Whether you were in a residential or business contract for a real estate purchase, there are certain damages that could apply if there is a breach of contract. Then, you can rest assured that you won’t have a total loss on your hands and you’ll be able to recoup at least some of your money.
Here are the damages you may be able to expect if you hire a real estate contract lawyer to help you out.
Loss of Bargain Damages
General loss of bargain damages are for a total breach of contract. The damages are the difference between the agreed contract price and the market value of the property on the date in which the breach occurred.
Here’s an example to make this a bit clearer: Let’s say that the seller sold you a property for $200,000 at the time of the total breach. The property was worth $140,000. You, the buyer, who was not responsible for the breach, would be able to potentially recoup $60,000 in losses. If the value of the property had gone up to $250,000 on the date of the breach, if the seller is in total breach, then you could be entitled to $50,000.
Things to Keep in Mind With Bargain Damages
Loss of bargain damages are not always so straightforward. You’ll also need to take into consideration the following:
- Future market fluctuations are irrelevant when it comes to loss of bargain damages. The person who was not responsible for the breach of contract would only be entitled to the difference between the contract price and the market value of the property on the date that the breach occurred.
- A seller’s good faith but lack of conveying good title could affect the recovery of loss of bargain damages. If a seller acted in good faith but could not convey satisfactory title, then the courts may differ in their opinion over how to settle the loss of bargain damages. Nearly half of the cases in these circumstances limit the buyer’s recovery to return of earnest money. Plus, the buyer’s other payments with interest and incidental damages like loan application costs, abstract and title examination could be limited as well.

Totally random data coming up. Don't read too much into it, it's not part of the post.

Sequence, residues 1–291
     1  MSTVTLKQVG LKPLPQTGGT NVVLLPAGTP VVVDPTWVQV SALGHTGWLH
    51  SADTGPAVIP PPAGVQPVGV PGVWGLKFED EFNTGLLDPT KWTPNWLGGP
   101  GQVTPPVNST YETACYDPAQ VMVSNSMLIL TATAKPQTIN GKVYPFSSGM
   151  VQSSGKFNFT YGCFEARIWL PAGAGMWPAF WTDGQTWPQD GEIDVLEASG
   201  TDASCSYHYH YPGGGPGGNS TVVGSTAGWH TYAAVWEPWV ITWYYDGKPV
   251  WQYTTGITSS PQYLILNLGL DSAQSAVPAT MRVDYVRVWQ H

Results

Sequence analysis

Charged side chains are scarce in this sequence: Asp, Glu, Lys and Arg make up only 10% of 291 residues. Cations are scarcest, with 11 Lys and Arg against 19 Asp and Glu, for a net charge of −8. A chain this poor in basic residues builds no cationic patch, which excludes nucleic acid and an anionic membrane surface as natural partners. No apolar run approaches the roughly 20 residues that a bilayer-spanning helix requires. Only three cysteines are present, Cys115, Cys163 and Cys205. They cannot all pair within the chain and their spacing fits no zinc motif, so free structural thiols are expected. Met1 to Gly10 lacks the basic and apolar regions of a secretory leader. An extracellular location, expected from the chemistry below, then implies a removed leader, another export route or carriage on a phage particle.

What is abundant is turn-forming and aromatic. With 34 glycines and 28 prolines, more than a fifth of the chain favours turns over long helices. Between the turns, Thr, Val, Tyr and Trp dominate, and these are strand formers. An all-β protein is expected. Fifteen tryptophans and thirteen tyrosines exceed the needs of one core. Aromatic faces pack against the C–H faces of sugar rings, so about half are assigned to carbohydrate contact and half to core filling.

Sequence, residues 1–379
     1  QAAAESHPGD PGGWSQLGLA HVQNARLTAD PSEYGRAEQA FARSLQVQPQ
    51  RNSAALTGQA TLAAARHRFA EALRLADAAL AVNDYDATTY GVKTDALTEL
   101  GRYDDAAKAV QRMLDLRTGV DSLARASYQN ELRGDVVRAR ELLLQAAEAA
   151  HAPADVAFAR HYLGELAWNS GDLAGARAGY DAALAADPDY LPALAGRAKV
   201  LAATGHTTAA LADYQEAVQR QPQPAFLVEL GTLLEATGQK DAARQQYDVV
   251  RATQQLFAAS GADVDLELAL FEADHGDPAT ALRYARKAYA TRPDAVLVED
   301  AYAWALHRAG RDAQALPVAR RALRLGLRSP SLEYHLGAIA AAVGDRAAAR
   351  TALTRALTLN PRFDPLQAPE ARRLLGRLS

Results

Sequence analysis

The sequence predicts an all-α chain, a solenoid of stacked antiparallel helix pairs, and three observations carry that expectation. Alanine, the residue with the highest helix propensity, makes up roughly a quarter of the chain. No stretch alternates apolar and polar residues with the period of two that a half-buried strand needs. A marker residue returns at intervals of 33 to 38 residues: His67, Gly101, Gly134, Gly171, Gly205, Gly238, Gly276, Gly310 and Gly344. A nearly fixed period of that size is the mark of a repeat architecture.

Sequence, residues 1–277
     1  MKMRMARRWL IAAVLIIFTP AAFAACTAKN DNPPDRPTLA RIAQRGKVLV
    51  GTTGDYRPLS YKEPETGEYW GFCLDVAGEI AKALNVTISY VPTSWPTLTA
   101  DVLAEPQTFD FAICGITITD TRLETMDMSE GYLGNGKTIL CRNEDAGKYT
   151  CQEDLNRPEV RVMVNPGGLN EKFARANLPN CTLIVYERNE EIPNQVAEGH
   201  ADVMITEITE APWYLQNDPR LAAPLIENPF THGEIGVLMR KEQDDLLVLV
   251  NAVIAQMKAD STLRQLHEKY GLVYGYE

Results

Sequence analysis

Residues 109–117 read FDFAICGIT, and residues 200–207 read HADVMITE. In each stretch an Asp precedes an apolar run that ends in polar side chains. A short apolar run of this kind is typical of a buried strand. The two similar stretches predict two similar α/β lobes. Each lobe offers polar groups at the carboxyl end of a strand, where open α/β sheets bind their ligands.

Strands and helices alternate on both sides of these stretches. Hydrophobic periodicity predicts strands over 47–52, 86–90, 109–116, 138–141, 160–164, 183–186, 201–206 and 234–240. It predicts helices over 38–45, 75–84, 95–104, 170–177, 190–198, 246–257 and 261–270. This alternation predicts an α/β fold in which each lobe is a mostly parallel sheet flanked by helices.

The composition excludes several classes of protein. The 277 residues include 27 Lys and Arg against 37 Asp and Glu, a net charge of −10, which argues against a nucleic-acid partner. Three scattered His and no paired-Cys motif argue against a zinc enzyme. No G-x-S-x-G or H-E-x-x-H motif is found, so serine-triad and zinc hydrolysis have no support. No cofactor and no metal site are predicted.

Along with loss of bargain damages, you may be able to recover special damages if there is a breach of contract with the selling or buying of a property. Each of these special types of damages needs to satisfy a foreseeability test, which illustrates that damages were within the contemplation of the contract when the contract was created.
These special damages include:
- Loss of profit. You may have been looking to purchase a property with the intent of flipping it, selling it or renting it out to make money. You may be able to obtain loss of bargain damages and expenses and loss of profit in some situations. However, it can be very difficult to also receive loss of profit damages, as there are many obstacles you’ll have to overcome. They include foreseeability and reasonable certainty.
The loss of profit must be foreseeable, which means the parties could have contemplated it. This is hotly debated and must be argued in the right way. Reasonable certainty means that the loss of profit needs to be proven with reasonable, and not total certainty. Recovery may be an option if the proof is there, but the courts typically see claiming a total loss of profit as being unreasonable.
- Expenses in reliance on the contract. If you started spending money to prepare for the real estate purchase or sale when you assumed the contract was in order, then you may be able to recoup some of your expenses. These expenses include, but are not limited to: Appraisals, the cost to travel to and from the property, surveys, document drafting fees, the seller’s eviction of a tenant, title search, expenses for setting up financing, moving in and out of a property, broker’s commissions and refurbishment of the property according to the contract’s requirements.
How a Breach of Contract May Occur
There are different situations in which a breach of contract could occur. For instance, the buyer may not be able to acquire the financing they need by the time of the closing date, and they need to pull out of the sale.
Additionally, a buyer would be in breach of the contract if they do not pay on time; they might not be able to close escrow on the specified and agreed-upon date. There may be a failure to deliver the deed of property in the correct fashion, too.
If you don’t see your situation listed, it could still qualify as a breach of contract. Make sure you get in touch with a real estate contract lawyer to determine the best course of action for your case.